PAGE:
The report by the CVMPP from 2006 explicitly deals with the theme “How FIFO [fly-in/fly-out] impact the workers’ family or community”. It says that: “Given that the effects of the rotation system had a limited impact on communities, there were very few recommendations as to how appropriate sources of support could be provided to the community as a whole” (2006: 41; emphasis added). It also states that: “Workers are generally satisfied with the current rotation system and there is limited room for improvements. While various problems associated with the work rotation system did come to light through the research process, people were generally content with things the way they were.” (2006: 34)
That many were satisfied with the rotation system reflect my observations from MCA, but that the labour process only has limited impact on family and communities does not. This view can only be defended with a very limited view of the labour process, something that we seek to challenge in this research project. Using the same report to build the case, an observation that is gender-related comes to mind: “It seems clear that the espouse or partner left to deal with the household, generally the female, bears the brunt of the effects of the work rotation system. They are essentially a single parent part-time and have to assume all of the household responsibilities while their partner is on site.” (2006: 15)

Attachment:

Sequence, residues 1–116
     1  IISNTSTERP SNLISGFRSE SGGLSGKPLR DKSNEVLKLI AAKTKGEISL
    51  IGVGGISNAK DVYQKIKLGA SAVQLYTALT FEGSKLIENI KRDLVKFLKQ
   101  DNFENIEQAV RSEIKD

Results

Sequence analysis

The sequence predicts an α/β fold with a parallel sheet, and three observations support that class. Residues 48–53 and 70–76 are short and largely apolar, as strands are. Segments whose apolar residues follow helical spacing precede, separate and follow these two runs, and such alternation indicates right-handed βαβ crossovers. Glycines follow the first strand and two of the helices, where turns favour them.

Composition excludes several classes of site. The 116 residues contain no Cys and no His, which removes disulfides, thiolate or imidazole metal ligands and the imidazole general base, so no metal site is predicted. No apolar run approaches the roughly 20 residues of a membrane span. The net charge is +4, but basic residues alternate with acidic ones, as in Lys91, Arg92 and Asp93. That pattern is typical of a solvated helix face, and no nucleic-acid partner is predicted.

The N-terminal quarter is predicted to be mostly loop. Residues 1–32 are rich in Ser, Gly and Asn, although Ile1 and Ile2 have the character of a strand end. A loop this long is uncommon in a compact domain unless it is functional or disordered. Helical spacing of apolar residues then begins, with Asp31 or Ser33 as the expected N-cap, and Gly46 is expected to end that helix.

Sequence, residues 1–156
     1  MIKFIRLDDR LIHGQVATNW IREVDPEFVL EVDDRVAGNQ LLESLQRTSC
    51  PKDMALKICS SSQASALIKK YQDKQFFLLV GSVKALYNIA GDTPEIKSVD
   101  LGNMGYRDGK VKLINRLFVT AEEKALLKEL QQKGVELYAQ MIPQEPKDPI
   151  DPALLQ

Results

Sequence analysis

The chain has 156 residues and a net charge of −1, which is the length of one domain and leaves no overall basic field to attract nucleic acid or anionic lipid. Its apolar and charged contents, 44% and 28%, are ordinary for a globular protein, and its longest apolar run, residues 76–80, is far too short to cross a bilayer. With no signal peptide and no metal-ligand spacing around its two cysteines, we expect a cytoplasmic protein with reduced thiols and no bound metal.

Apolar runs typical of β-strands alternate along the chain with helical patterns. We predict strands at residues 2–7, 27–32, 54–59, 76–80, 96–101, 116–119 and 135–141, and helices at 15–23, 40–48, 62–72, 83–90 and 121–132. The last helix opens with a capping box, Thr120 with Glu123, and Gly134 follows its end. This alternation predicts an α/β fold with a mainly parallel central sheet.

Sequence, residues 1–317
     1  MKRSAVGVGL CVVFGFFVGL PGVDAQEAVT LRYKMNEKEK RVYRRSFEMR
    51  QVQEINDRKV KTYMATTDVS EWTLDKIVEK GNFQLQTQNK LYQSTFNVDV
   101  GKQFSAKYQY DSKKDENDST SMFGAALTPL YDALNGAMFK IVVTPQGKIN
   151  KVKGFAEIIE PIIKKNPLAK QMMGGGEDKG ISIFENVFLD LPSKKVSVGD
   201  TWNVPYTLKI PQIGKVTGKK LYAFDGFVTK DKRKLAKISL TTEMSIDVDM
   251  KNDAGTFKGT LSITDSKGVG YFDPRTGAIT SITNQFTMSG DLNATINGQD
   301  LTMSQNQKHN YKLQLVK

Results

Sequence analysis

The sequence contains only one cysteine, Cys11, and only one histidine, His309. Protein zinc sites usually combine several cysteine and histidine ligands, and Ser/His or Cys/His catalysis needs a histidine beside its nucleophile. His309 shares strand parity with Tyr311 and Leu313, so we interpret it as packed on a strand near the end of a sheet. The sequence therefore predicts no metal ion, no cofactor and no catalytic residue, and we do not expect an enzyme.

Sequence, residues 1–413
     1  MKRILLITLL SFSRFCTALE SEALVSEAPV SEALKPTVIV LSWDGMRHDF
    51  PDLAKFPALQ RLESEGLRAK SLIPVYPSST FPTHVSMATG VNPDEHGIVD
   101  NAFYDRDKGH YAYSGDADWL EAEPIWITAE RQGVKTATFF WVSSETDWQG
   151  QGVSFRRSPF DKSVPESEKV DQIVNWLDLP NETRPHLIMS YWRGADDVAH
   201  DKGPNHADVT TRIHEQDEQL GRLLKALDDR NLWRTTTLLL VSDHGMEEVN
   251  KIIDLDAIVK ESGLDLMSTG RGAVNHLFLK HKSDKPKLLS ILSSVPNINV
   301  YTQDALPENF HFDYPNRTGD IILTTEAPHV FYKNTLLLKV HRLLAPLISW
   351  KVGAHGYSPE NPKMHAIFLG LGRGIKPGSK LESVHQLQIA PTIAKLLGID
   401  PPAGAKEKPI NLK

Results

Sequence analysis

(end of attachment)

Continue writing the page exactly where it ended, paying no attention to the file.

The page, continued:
Several workers (all but a few were men) whom I talked to at MCA praised their partner for being strong and supportive, but their partner was usually at least partly dependent on extended family and/or neighbors when the espouse was on site. Something that I didn’t hear about in the interviews (not surprising perhaps), but that was outspoken in the 2006 report was that the older kids often had to assume a parental role early on and that “Many saw the absence of a parent as an opportunity for children to act out or to get into trouble” (2006: 18). This is not a case of limited impact. The labour process at MCA, that is, has significant effects on family and community life.